Atox Bio, of Jerusalem, was awarded a $3.1 million research grant from the U.S. Department of Defense to jointly develop and commercialize treatment that would prevent the deadly sequelae of toxic shock caused by Staphylococcal and Streptococcal bacteria, potential bioweapons. “Our advantage is that we are now going to test the blocker in animal models that were already proven to the FDA,” said Raymond Kaempfer, lead scientist on the project. “In our own animal trials, we could show that a particular small peptide blocker first does no harm, and that it prevents the toxicity cascade’ leading to toxic and septic shock in animals. In vitro, the molecule halts T-cell activation before the induction of cytokine release that triggers the toxic cascade.” Atox Bio operates under the aegis of the Hebrew University of Jerusalem’s Yissum Research Development Co., but the company owns all intellectual property.
Biotie Therapies Oyj, of Turku, Finland, said the district court of Helsinki dismissed an action brought against it by Orion Corp., of Espoo. Orion, Finland’s largest pharmaceutical company, had sought to have transferred to it a set of patents and patent applications associated with Biotie’s Vascular Adhesion Protein-1 program. The ruling lifts a prohibition in place since 1999 that prevented Biotie from entering into any licensing or other commercial agreements relating to the disputed inventions.
Cambridge Antibody Technology Group plc, of Melbourn, UK, said it bought out its royalty agreement with Drug Royalty Corp. Inc., of Toronto. The move follows CAT’s offer to buy DRC, which failed last week when Inwest Investment Ltd. acquired control of DRC. CAT is paying a C$14 million (US$8.9 million) termination payment to DRC through the allotment of 463,818 CAT shares at 10 pence each.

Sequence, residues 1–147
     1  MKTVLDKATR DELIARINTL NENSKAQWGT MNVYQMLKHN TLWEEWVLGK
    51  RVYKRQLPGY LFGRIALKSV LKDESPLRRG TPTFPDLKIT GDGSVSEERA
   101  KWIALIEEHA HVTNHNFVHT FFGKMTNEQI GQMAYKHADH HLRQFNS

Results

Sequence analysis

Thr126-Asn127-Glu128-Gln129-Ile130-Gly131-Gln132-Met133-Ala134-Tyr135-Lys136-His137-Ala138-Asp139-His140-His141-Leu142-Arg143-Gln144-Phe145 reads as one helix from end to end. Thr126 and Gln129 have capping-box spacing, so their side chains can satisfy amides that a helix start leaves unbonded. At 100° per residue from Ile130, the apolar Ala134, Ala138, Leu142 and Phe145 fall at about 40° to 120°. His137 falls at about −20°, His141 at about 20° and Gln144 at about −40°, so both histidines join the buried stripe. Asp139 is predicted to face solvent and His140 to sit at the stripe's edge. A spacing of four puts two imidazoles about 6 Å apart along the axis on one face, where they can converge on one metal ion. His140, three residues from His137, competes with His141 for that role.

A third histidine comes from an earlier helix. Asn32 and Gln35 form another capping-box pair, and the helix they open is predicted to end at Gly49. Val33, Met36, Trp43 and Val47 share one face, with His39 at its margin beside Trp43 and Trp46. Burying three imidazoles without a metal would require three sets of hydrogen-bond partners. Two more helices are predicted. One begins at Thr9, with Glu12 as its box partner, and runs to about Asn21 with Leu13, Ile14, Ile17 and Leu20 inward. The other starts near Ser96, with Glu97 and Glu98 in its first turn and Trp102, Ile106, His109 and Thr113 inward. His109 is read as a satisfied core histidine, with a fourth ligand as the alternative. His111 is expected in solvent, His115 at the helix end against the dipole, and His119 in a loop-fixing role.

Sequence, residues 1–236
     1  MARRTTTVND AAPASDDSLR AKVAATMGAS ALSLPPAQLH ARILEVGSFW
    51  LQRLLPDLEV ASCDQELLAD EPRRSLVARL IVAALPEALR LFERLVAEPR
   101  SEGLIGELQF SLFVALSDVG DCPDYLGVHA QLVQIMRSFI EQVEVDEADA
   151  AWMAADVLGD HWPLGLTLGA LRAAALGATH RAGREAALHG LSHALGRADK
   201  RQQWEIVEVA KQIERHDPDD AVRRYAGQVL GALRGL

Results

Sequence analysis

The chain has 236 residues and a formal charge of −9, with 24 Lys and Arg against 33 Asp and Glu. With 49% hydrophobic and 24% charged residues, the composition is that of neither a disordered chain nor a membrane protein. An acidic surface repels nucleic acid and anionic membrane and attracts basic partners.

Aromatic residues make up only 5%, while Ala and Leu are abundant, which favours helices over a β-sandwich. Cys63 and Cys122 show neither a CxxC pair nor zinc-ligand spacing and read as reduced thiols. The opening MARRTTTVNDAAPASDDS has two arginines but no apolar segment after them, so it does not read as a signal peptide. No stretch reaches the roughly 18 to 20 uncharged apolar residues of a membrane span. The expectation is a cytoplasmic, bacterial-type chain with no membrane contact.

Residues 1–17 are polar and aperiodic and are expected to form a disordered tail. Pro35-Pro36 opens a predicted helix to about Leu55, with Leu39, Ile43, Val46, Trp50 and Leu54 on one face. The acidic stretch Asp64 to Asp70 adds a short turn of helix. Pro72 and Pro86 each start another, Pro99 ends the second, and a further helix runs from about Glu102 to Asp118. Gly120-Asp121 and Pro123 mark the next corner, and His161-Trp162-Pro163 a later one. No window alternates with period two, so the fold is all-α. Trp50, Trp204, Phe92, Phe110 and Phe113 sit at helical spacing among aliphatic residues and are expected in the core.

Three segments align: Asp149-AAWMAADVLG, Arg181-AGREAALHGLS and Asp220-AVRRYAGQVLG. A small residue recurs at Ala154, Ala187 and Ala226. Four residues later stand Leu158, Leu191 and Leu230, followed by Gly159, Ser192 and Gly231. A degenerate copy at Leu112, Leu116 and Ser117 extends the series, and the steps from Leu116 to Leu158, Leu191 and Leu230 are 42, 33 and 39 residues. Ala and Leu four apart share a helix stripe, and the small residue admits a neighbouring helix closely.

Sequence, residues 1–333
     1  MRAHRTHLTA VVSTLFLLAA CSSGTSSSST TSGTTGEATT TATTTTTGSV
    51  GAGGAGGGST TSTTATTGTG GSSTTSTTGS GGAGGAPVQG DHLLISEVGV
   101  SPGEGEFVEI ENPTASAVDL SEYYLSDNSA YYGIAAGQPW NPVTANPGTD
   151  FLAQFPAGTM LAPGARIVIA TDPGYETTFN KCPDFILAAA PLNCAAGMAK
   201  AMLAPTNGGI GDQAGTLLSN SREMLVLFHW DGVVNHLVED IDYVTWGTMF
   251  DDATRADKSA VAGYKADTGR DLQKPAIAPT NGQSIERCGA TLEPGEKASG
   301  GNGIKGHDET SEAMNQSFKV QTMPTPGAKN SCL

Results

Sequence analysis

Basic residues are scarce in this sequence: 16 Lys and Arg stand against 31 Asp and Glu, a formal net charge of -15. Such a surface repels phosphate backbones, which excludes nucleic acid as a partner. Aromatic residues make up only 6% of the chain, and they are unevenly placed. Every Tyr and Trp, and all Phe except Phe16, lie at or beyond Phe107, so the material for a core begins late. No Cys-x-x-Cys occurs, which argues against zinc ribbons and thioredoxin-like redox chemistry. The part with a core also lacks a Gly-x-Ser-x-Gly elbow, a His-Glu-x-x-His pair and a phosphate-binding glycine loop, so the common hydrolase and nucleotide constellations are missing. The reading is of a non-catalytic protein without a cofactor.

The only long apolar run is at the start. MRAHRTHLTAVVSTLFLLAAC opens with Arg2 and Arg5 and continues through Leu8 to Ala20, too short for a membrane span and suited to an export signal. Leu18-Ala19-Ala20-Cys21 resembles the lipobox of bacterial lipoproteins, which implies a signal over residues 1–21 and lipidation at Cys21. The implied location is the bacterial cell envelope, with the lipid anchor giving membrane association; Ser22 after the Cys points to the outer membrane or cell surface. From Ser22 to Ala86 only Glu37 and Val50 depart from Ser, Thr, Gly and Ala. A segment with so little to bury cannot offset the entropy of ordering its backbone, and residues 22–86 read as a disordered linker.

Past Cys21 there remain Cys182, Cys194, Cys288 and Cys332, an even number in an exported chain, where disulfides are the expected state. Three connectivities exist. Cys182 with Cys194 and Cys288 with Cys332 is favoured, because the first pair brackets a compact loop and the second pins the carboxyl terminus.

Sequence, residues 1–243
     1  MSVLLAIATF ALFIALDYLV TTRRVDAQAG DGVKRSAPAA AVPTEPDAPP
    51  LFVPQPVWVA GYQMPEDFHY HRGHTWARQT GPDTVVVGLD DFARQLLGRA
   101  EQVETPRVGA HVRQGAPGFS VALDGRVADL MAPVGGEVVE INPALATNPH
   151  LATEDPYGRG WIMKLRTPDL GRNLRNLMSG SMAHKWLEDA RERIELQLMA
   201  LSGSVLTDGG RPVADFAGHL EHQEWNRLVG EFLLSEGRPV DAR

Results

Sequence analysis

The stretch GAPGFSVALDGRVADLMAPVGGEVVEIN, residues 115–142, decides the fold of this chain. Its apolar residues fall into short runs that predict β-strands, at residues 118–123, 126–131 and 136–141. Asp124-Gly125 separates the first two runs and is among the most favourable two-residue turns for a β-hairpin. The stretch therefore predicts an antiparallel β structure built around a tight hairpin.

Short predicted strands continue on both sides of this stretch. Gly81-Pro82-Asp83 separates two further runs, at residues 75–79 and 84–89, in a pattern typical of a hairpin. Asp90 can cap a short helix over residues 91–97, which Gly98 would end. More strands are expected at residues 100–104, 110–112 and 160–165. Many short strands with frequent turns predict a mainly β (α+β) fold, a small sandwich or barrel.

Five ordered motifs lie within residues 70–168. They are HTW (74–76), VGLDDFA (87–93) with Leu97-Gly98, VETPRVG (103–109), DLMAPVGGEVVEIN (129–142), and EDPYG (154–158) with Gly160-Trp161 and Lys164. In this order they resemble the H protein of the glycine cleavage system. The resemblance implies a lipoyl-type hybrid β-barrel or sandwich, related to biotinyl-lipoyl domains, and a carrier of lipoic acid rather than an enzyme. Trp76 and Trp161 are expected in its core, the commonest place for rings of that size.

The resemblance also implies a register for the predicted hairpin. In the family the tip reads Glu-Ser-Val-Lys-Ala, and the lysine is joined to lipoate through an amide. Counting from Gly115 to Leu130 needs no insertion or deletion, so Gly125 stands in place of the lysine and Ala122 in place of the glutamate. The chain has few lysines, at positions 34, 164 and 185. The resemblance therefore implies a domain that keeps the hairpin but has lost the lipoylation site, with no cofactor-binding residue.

Cyprotex plc, of Macclesfield, UK, said Mark Egerton, formerly vice president of European business operations for Incyte Genomics Inc., will become its CEO. Cyprotex, which joined the Alternative Investment Market in London in February, develops software that simulates the distribution of a drug to the organs of the body. The company plans to provide an online predictive screening service.
Diversys Ltd., of Cambridge, UK, said it is changing its name to Domantis. The company said the change reflects its focus on domain antibody technology. Diversys was established in December 2000 to develop domain antibodies, the smallest functional binding units of antibodies, as therapeutics.
Inforsense Ltd., of London, announced the latest version of Kensington Discovery Edition, a software platform for industrial-scale discovery management, which provides a unified platform for data integration, data analysis and discovery process design. The product can be used to combine gene expression profiling with metabolite expression data to track biomarkers in target validation, and to combine high-throughput screening data with gene and protein expression analysis, to link the chemical properties of compounds to their biological effects.